Many tribes have land reserved in agreements with the United States. Meanwhile, historic federal policies opened tribal lands to non-Indian ownership. The resulting checkerboard land ownership causes a great deal of dispute. Our work addresses tribal land matters including boundaries, access, control, and protecting sacred places.
Religious and Cultural Rights (Religious Freedom, Repatriation, Peyote, NAGPRA, Graduation)
Given the history of hostility toward and misunderstanding of Native religions, NARF works hard to protect religious freedoms. We helped pass the Native American Graves Protection and Repatriation Act. We assist Native students being prohibited from wearing sacred eagle feathers at graduation. All the while, we wage legal battles on issues like the use of peyote, possession of eagle feathers, and the rights of Native inmates.
Rights of Indigenous Peoples (FPIC, UN Declaration, OAS)
The United Nations Declaration on the Rights of Indigenous Peoples affirms the rights of Indigenous Peoples across a broad range of areas, including self-determination, spirituality, land, and resources. It can be an impetus for change, but it is only a framework. Implementation will require sustained effort. Laws and policies must change to fulfill the Declaration’s promises. We are partnered with Colorado Law on The Implementation Project, which works to implement the Declaration and honor Indigenous rights in the United States.
Tribal Child Welfare (ICWA, State Child Welfare, Tribal Courts)
From the early 1800s through the 1970s, assimilation policies led to the forcible removal of Native children from their homes and communities. Subsequent policies, like the Indian Adoption Project of the 1950s and the widespread removal of children from their families in state custody proceedings led to the 1978 enactment of the Indian Child Welfare Act (ICWA). ICWA, and similar state laws, increase tribal authority over tribal child welfare. We have litigated high-profile ICWA cases and are a respected resource on child welfare issues.
Tribal Sovereignty and Jurisdiction
Long before the United States became a country, Indigenous Peoples were independent and self-governing sovereigns. Because they are sovereigns, tribes still govern their own members and remaining territory. It is the core of NARF’s work to represent tribes in their exercises of tribal sovereignty and jurisdiction. We help tribes maintain their longstanding government-to-government relationships with the United States and establish government-to-government relationships with states and municipalities.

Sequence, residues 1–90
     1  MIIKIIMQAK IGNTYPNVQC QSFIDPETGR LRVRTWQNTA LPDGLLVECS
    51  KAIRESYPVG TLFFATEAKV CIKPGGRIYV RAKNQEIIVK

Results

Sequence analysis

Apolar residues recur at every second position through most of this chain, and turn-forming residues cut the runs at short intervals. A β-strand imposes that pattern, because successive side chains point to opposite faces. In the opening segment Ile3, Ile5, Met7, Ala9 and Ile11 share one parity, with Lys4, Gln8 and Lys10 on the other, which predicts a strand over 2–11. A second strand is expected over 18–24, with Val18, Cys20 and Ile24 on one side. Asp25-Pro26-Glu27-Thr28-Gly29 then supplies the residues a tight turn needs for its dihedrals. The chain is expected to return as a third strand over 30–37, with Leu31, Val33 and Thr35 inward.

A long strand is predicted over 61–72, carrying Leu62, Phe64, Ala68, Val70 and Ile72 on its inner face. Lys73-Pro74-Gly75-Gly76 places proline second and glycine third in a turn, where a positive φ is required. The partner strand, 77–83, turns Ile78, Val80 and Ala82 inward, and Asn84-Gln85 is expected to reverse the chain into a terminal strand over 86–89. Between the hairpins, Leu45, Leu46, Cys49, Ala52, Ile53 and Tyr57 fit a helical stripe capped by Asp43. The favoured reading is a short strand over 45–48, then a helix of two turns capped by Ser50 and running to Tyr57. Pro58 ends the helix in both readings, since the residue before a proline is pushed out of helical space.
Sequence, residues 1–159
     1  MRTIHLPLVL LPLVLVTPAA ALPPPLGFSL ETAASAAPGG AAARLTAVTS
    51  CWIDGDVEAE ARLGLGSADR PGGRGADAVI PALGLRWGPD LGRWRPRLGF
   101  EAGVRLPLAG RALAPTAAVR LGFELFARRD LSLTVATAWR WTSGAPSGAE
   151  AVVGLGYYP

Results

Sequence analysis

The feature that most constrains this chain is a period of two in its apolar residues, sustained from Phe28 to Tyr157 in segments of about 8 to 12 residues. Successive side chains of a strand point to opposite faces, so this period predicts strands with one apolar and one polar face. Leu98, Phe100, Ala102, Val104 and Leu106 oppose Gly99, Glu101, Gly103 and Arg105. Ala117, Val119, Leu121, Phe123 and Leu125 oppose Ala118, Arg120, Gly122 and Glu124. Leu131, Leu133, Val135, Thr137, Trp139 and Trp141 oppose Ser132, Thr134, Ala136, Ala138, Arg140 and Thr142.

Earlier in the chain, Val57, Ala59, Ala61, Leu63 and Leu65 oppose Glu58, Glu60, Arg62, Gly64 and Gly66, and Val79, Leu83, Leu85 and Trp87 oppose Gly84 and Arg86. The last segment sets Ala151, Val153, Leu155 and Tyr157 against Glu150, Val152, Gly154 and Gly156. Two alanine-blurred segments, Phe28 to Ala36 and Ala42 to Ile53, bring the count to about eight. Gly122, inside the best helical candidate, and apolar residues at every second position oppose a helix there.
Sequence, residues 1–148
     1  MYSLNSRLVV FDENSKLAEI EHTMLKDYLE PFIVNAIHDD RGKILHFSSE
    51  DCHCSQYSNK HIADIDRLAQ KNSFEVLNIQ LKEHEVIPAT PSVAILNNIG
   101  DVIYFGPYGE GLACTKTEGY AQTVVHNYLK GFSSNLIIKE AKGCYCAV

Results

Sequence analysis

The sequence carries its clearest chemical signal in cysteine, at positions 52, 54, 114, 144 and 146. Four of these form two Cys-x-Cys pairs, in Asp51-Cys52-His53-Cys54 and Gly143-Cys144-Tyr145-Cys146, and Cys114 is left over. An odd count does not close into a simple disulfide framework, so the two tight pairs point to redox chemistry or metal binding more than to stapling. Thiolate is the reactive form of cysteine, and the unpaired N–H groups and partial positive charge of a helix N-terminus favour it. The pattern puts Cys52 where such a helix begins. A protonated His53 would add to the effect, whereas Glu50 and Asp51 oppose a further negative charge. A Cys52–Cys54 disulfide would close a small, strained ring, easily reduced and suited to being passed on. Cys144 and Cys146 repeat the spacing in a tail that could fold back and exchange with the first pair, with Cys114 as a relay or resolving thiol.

Trust Fund Matters
For centuries, the federal government imposed itself as the trustee for tribal lands and resources. This responsibility obligates the U.S. to ensure that tribes receive just compensation for the use of those resources. Under the current policy of tribal self-determination, the U.S. Congress has allowed tribes more control over their resources. However, this does not address the past serious errors administering tribal and Indian trust matters. We represent tribes in holding the federal government accountable for its years of mismanagement. Such cases can take decades to resolve.
Violence Against Native People (VAWA, MMIW)
Despite federal trust obligations to protect Native communities, violence against Native women is epidemic. Limitations placed on tribal government jurisdiction by the United States are a key contributing factor, with non-Native perpetrators repeatedly falling through cracks in the system. There is an urgent need to address legal barriers that prevent tribal nations from protecting their citizens. Our work has centered on advancing Native people’s safety through policy and legislation, like the Violence Against Women Act.
Voting and Civil Rights (Juries, Census, Voting, Redistricting)
For most Americans, the right to vote is guaranteed in the U.S. Constitution; however, the federal government denied Native Americans voting rights until 1924, and some states waited until the 1960s to extend this vital right. Native Americans still face discriminatory laws and unreasonable burdens when trying to exercise the right to vote. Some states have enacted voting schemes such as districting that effectively dilute Indian votes. In addition to the information on this site about our voting and civil rights work, find voting-related resources at vote.narf.org.
Water Rights (Settlements, Treaty Rights, Water Quality)
Water is life. Often, the demand for water far exceeds the supply. NARF devotes a considerable amount of work to issues surrounding this crucial resource. Our work focuses on protecting tribes’ right to water on their lands, securing water access, developing water policy, and protecting water quality.